4. (iv) ensure reasonable adjustments for neurodivergent people

    5. (v) monitor and publish real-life treatment and service innovation outcomes;

  4. (d) integrated care for comorbidities:

    1. (i) implement an integrated care model that addresses co-occurring psychiatric conditions (such as substance misuse, self-harm) or medical conditions (such as type 1 diabetes) that increase the risk of death;

  5. (e) recognition and management of medical emergencies in eating disorders:

    1. (i) provide specialised training to healthcare professionals on managing medical complications of all eating disorders, such as severe malnutrition and refeeding, electrolyte abnormalities and type 1 diabetes

    2. (ii) ensure that emergency departments and acute hospitals have protocols in place for the rapid assessment and stabilisation of patients with life-threatening conditions related to eating disorders in line with the MEED guidelines;

  6. (f) suicide prevention:

    1. (i) conduct routine suicide risk assessments for individuals with eating disorders

    2. (ii) include eating disorders in suicide prevention programmes;

  7. (g) enhance research funding and capacity:

    1. (i) with a focus on understanding biological factors and developing novel interventions, such as pharmacological treatments, neurobiological approaches, digital therapeutics, and development of research capacity

    2. (ii) encourage interdisciplinary collaboration between scientists, clinicians, experts by experience and industry to accelerate the development of new prevention and treatment options

    3. (iii) establish a national register of eating disorders to capture cohorts of patients with eating disorders and their journey through the health and care system, which will aid in the development of a rich source of information for service development, offer opportunities for research collaboration and document causes of death in these patients.

Significant investments in training, prevention, treatment and research on eating disorders will yield substantial benefits for individuals and reduce societal costs. This approach would save many lives and consign the poor outcomes and high mortality rate associated with eating disorders to history.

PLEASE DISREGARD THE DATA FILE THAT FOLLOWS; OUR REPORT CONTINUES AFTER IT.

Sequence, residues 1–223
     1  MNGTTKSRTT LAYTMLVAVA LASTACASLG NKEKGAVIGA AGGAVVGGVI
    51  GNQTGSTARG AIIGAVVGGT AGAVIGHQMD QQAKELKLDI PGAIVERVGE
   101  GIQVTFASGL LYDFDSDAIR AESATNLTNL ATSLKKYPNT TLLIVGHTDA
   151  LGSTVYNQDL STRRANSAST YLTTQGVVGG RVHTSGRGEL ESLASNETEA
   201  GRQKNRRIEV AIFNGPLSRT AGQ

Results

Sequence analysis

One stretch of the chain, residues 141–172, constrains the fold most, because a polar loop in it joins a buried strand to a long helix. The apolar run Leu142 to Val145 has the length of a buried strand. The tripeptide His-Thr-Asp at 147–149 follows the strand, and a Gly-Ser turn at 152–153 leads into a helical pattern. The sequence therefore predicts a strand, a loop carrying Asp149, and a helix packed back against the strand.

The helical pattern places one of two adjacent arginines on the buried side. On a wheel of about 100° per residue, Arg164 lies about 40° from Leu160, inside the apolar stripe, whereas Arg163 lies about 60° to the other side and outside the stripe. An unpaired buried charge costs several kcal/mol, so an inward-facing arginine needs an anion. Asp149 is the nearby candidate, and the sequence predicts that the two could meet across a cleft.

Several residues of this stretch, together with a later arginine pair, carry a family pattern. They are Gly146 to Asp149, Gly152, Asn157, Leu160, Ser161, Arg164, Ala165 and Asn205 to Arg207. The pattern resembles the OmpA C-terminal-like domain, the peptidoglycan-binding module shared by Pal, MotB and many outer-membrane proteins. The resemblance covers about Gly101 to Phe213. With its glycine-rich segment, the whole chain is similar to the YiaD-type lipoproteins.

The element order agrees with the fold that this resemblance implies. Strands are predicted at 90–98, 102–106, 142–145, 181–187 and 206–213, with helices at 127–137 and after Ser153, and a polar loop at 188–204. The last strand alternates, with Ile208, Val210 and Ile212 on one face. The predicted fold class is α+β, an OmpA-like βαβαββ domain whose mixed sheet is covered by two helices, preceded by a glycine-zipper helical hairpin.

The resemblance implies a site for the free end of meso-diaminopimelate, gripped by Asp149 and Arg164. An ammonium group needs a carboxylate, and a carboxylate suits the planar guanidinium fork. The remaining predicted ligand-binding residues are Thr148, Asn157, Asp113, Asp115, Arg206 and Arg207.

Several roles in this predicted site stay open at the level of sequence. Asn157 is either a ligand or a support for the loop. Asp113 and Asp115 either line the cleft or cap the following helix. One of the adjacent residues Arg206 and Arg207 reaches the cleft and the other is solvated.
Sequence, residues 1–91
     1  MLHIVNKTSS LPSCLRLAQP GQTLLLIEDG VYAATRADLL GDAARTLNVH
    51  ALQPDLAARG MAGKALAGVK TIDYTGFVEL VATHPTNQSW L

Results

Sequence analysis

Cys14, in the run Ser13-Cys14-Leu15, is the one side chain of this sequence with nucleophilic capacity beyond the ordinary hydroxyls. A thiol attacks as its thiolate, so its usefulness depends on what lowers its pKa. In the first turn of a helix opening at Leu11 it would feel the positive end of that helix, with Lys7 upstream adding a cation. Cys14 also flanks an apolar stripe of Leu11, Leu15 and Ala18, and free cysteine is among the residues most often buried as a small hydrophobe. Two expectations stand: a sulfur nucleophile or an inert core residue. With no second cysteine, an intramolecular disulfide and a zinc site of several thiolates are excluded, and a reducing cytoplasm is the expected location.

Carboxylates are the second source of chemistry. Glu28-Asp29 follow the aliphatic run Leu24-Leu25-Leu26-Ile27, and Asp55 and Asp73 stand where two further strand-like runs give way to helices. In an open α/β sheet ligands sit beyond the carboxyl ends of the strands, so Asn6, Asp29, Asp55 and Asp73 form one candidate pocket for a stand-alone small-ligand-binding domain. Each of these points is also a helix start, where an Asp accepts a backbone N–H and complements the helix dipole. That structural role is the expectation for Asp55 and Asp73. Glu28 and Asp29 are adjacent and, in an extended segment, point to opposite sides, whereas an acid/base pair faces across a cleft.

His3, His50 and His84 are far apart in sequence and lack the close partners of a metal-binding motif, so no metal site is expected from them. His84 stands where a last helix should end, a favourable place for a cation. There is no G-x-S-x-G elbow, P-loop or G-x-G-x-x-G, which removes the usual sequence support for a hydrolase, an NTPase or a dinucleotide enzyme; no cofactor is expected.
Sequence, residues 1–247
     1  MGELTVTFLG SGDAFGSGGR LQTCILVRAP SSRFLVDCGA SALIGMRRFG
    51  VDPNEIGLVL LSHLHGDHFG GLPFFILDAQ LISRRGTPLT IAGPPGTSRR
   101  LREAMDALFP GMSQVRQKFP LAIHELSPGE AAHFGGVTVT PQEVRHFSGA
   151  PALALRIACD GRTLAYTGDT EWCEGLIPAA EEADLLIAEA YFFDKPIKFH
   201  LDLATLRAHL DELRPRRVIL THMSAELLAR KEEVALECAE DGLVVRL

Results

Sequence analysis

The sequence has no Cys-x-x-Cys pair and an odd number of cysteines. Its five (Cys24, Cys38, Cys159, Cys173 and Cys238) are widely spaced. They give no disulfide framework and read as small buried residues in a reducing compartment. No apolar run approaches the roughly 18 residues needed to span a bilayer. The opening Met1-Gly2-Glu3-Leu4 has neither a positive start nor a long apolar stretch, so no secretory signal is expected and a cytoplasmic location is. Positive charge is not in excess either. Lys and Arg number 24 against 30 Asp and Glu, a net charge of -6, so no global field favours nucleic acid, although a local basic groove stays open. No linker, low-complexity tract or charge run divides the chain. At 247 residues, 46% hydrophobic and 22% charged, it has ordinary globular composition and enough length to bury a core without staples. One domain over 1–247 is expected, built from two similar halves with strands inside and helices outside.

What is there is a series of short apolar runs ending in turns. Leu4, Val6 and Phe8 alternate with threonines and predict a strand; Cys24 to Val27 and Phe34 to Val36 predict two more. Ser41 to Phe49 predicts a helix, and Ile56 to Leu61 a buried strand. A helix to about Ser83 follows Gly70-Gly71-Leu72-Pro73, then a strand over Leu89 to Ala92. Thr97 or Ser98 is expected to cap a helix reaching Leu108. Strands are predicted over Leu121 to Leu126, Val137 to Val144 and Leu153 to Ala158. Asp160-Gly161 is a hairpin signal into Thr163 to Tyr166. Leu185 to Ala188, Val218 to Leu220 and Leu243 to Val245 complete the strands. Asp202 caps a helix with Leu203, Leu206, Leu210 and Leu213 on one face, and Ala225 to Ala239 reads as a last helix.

Data availability

Data availability is not applicable to this article as no new data were created or analysed in this work.

Author contributions

A.A., A.I., J.D., H.V. and A.K. conceived and developed the idea. A.A. completed the literature search and drafted the first version. All authors discussed the structure of the paper and contributed to the final manuscript.

Funding

This research received no specific grant from any funding agency, commercial or not-for-profit sectors.

Declaration of interest

None.

References

Bulik, CM, Flatt, R, Abbaspour, A, Carroll, I. Reconceptualizing anorexia nervosa. Psychiatry Clin Neurosci 2019; 73: 518–25.Google Scholar
Keshaviah, A, Edkins, K, Hastings, ER, Krishna, M, Franko, DL, Herzog, DB, et al. Re-examining premature mortality in anorexia nervosa: a meta-analysis redux. Compr Psychiatry 2014; 55: 1773–84.Google Scholar
Office for National Statistics. Fatality Rates in the UK from Eating Disorders. ONS, 2021.Google Scholar
Ibrahim, A, Ryan, S, Viljoen, D, Tutisani, E, Gardner, L, Collins, L, et al. Integrated enhanced cognitive behavioural (I-CBTE) therapy significantly improves effectiveness of inpatient treatment of anorexia nervosa in real life settings. J Eat Disord 2022; 10(1): 98.CrossRefGoogle ScholarPubMed
Castellini, G, Caini, S, Cassioli, E, Rossi, E, Marchesoni, G, Rotella, F, et al. Mortality and care of eating disorders. Acta Psychiatr Scand 2023; 147: 122–33.Google Scholar